Rare Ocelot Sighting In Arizona

Posted by: Loren Coleman on February 9th, 2011

Yesterday, Tuesday, there was a rare appearance of an ocelot in southern Arizona. The cat was first noticed by a man who was working in his yard in the Huachuca Mountains.

This ocelot was seen on February 8, 2011, in Arizona.

Photos were taken by wildlife official after the man’s dogs chased the cat up a tree. After the state wildlife experts took a photographic record and verified the encounter, then they left the animal alone.

The species has been federally endangered since 1982, and this was only the second time one of these felids has been seen since the mid-1960s.

KPHO-Phoenix mentioned that only one other ocelot, an animal run over near Globe in April 2010, has been confirmed in Arizona since the mid 1960s. One other ocelot was reportedly captured on film by the Sky Island Alliance in November of 2009; however, it has not been possible to fully verify the species or the animal’s origin based on that photo.

The ocelot (Leopardus pardalis) is also known as the Dwarf Leopard, McKenney’s Wildcat, Jaguatirica (in Brazil), Jaguarete (in Paraguay and Argentina), Tigrillo (in Ecuador, Colombia and Peru), Cunaguaro (in Venezuela), or Manigordo (in Costa Rica and Panama). This small felid is a wild cat distributed over South and Central America and Mexico, but has been reported as far north as Texas and in Trinidad, in the Caribbean. North of Mexico; it is found regularly only in the extreme southern part of Texas, although there are rare sightings in Southern Arizona.

The incident reporting is thanks to wildlife writer Pete Thomas and other media.

Loren Coleman About Loren Coleman
Loren Coleman is one of the world’s leading cryptozoologists, some say “the” leading living cryptozoologist. Certainly, he is acknowledged as the current living American researcher and writer who has most popularized cryptozoology in the late 20th and early 21st centuries. Starting his fieldwork and investigations in 1960, after traveling and trekking extensively in pursuit of cryptozoological mysteries, Coleman began writing to share his experiences in 1969. An honorary member of Ivan T. Sanderson’s Society for the Investigation of the Unexplained in the 1970s, Coleman has been bestowed with similar honorary memberships of the North Idaho College Cryptozoology Club in 1983, and in subsequent years, that of the British Columbia Scientific Cryptozoology Club, CryptoSafari International, and other international organizations. He was also a Life Member and Benefactor of the International Society of Cryptozoology (now-defunct). Loren Coleman’s daily blog, as a member of the Cryptomundo Team, served as an ongoing avenue of communication for the ever-growing body of cryptozoo news from 2005 through 2013. He returned as an infrequent contributor beginning Halloween week of 2015. Coleman is the founder in 2003, and current director of the International Cryptozoology Museum in Portland, Maine.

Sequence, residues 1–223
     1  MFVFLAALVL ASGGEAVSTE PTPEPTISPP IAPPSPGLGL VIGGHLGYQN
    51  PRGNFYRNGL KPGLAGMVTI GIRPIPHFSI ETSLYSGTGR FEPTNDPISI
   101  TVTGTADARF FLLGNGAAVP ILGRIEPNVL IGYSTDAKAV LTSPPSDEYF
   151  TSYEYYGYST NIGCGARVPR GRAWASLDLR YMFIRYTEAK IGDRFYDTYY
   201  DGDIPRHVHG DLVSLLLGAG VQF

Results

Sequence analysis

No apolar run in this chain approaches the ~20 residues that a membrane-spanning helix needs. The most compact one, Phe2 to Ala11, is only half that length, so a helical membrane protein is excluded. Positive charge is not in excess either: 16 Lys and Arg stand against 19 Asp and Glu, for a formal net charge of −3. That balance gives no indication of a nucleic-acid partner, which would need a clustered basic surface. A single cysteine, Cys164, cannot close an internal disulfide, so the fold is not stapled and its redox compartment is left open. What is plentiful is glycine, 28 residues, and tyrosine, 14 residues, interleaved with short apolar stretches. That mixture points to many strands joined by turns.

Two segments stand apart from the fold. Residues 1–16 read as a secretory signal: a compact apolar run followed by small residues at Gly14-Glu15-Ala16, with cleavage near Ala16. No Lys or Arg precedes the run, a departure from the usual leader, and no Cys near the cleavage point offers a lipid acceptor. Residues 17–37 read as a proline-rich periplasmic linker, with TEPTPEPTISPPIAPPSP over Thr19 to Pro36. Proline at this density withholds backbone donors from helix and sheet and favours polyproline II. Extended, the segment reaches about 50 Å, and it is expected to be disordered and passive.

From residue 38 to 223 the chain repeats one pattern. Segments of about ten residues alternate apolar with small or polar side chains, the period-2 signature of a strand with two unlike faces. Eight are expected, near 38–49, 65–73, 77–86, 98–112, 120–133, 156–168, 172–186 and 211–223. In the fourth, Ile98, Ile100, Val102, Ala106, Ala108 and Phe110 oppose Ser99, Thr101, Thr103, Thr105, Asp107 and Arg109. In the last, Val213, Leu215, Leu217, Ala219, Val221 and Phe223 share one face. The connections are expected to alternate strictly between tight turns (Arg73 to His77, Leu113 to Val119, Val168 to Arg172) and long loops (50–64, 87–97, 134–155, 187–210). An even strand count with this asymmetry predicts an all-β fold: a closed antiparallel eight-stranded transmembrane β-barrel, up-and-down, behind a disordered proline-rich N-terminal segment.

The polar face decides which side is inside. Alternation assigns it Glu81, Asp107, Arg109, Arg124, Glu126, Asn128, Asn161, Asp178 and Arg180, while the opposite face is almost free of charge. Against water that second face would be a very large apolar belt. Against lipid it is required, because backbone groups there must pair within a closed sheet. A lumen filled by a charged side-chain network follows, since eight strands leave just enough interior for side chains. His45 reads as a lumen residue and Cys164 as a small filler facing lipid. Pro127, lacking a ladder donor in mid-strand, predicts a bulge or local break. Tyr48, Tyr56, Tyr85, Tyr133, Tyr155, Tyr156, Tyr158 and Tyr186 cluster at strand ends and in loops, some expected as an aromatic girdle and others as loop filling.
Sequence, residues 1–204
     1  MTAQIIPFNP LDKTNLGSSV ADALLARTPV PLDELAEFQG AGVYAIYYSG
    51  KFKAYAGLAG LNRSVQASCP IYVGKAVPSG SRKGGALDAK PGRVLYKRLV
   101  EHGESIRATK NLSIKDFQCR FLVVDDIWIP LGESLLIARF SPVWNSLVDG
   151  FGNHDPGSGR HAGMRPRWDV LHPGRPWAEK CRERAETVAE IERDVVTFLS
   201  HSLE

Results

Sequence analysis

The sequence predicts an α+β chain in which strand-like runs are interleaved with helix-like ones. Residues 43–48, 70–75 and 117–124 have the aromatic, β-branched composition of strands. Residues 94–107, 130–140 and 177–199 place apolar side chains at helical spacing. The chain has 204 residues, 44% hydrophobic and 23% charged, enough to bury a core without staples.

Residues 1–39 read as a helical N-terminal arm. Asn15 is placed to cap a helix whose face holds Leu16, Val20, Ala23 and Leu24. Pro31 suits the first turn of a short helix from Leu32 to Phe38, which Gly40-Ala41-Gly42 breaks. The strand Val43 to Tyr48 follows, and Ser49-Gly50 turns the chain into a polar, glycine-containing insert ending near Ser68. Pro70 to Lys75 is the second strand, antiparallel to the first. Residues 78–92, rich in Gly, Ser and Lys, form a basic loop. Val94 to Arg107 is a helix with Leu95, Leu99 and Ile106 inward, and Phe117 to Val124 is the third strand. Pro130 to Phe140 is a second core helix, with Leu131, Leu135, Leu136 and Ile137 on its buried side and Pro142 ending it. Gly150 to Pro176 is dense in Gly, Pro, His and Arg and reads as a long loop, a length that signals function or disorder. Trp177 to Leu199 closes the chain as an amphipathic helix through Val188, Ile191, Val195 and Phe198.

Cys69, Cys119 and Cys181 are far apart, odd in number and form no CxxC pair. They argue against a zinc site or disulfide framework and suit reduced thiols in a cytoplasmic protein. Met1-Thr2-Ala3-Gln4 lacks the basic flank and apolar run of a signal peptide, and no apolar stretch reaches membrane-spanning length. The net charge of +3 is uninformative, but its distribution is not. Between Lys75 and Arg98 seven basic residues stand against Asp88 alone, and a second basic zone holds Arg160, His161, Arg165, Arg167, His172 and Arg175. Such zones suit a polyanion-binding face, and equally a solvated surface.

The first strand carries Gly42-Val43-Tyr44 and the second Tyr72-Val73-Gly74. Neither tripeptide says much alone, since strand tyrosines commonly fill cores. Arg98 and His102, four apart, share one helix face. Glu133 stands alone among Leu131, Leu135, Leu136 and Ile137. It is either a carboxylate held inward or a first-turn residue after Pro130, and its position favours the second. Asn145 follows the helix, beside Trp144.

7 Responses to “Rare Ocelot Sighting In Arizona”

  1. samthemonsterman responds:

    Yes! I hope to God these cats are coming back. Their eyes are striking. Check out this National Geographic photo.

  2. jimlyding responds:

    I’m very familiar with both the Huachuca Mtns and the area around Globe in Arizona. These areas are about 150 (give or take) miles apart with lots of diverse habitat in between. The potential good news is that ocelots being encountered in such relatively widespread locales means that there is a decent possibility of them being extant in southern Arizona. The potential bad news is that these 2 cats may be escaped/released pets or are merely isolated wanderers. I don’t know the sex of these 2 cats, and most male larger wild cats (a 20 lb. ocelot is a pretty large specimen) range over very wide areas, and frequently migrate long distances away from where they were born. I agree with Loren’s widely-stated claim that the escaped/released pet angle is brought up far too often, but ocelots are sometimes kept as pets, and I’d bet they’re not ideal analogues to house cats. Think about a 15-20 lb. cat marking its territory in your house or sharpening its claws on your furniture.

    One thing that makes me wonder why we don’t hear of more ocelot sightings in Arizona is that there is a lot of mountain lion hunting there. If ocelots were relatively common in southeastern Arizona I would expect a lot more of them to be treed by hunting hounds just as lion hunters were the first people to encounter jaguars in Arizona after supposedly being extirpated for decades.